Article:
But what seems like a simple affirmation of the voting process is actually another volley in a years-long battle, between business leaders and labor unions, over how unions are created.
"It's not anti-union, it's about the way unions do what they do," said Rep. Kurt Wallace, R-Maplesville, who sponsored the amendment in the Legislature.
Amendment 7 would "provide that the right of individuals to vote for public office, public votes on referenda or votes of employee representation" should be by secret vote, according to the wording on the November ballot.
Votes for public office and state amendments are already secret, and have been for some time. But for the last item on that list -- employee representation -- things are more complicated.
Under federal labor law, employees can start the process of unionizing a workplace through a procedure known as "card check," in which employees sign cards acknowledging they want to unionize. A successful card check vote can lead to a secret ballot in which employees vote on whether or not to unionize -- or, under some circumstances, it can lead directly to unionization.
Card check has been a flash point in the debate between unions and business leaders for several years. That's partly because of the Employee Free Choice Act, a bill promoted by union leaders that would have expanded the powers and protections of the card-check vote. The bill has been proposed three times in Congress, but has never passed.
In recent years, conservatives have struck back. Four states have passed secret-ballot laws that require secret ballots -- blocking card-check-only union elections.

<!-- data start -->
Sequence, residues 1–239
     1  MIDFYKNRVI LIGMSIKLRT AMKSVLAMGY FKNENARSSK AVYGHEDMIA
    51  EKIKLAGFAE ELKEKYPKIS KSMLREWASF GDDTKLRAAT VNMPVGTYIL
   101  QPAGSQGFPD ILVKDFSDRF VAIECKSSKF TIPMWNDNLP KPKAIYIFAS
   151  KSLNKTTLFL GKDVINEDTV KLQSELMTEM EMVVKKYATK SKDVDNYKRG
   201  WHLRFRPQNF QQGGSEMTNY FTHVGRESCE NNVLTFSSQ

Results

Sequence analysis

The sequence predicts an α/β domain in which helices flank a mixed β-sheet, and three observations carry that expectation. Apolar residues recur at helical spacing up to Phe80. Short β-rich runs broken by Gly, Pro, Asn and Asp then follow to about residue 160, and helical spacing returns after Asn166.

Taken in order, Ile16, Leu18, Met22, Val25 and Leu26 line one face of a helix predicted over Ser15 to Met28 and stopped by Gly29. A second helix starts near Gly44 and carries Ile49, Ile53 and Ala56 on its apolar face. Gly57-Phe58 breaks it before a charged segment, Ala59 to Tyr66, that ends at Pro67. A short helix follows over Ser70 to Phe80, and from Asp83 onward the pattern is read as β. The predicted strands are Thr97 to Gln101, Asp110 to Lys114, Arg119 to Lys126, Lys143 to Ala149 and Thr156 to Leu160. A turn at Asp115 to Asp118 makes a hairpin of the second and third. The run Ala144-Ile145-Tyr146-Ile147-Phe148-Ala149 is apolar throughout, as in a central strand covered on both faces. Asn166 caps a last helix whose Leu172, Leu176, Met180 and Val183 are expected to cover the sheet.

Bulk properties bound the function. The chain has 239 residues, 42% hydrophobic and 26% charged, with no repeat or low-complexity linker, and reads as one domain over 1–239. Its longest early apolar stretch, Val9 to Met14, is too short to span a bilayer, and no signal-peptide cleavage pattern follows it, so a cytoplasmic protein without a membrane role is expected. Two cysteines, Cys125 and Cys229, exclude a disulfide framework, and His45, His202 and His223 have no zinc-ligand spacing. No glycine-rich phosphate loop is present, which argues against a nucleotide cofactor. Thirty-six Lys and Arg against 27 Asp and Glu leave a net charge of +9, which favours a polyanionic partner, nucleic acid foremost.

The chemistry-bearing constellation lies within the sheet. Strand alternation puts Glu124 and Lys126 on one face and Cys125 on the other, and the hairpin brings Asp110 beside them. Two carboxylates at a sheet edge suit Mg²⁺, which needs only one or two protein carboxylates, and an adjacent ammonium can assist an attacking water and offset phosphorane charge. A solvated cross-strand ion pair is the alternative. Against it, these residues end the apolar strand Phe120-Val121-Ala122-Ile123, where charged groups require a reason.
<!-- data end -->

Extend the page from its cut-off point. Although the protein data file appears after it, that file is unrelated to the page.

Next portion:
Wallace said he opposes card check because the secret ballot is the standard for democratic decision-making in most other areas of life. He said the lack of secrecy allows union leaders to intimidate co-workers into signing.
But Wallace is also frank about the fact that he doesn't want to see more unionization in Alabama's workplaces -- particularly the auto industry. He said the prospect of a union-free workplace is one of the things that attracted foreign carmakers to the state.
"We don't want to see happen to us what happened to Detroit," he said.
It's not clear that all local labor leaders even know about the amendment. Shane Mitchell, a spokesman for Steelworkers Local 12 in Gadsden, said Monday that he had not heard of the measure.
After consulting with union officials, Mitchell, whose local union represents workers at Gadsden's Goodyear tire plant, said the union was "100 percent against" the amendment.
"The way it's worded, it sounds like you're saying everybody should have the right to vote," he said. Instead, Mitchell said, the amendment would take away a voting method long used by unions.
Like many Southern states, Alabama is a right-to-work state, which means that employees can't be required to join a union even when one exists.
The 4,000 workers at Honda's auto plan in Lincoln are not unionized, though a group called Honda Workers United has advocated for unionization in recent years.
Attempts to reach Honda executives and representatives of Honda Workers United were unsuccessful Monday.
If passed, the amendment could put Alabama at odds with federal labor law. When Arizona passed a secret-ballot law in 2010, critics said it would curtail the card-check votes already allowed under federal law. The National Labor Relations Board took Arizona to court, arguing that it blocked alternate routes to unionization protected by the National Labor Relations Act. U.S. District Judge Frederick Martone ruled against the NLRB in a decision handed down in September, but noted that his opinion should not foreclose future challenges as the law begins being applied by the state.
Attempts to reach regional officials of the National Labor Relations Board were unsuccessful Monday.
Capitol & statewide correspondent Tim Lockette: 256-235-3560. On Twitter @Tlockette_star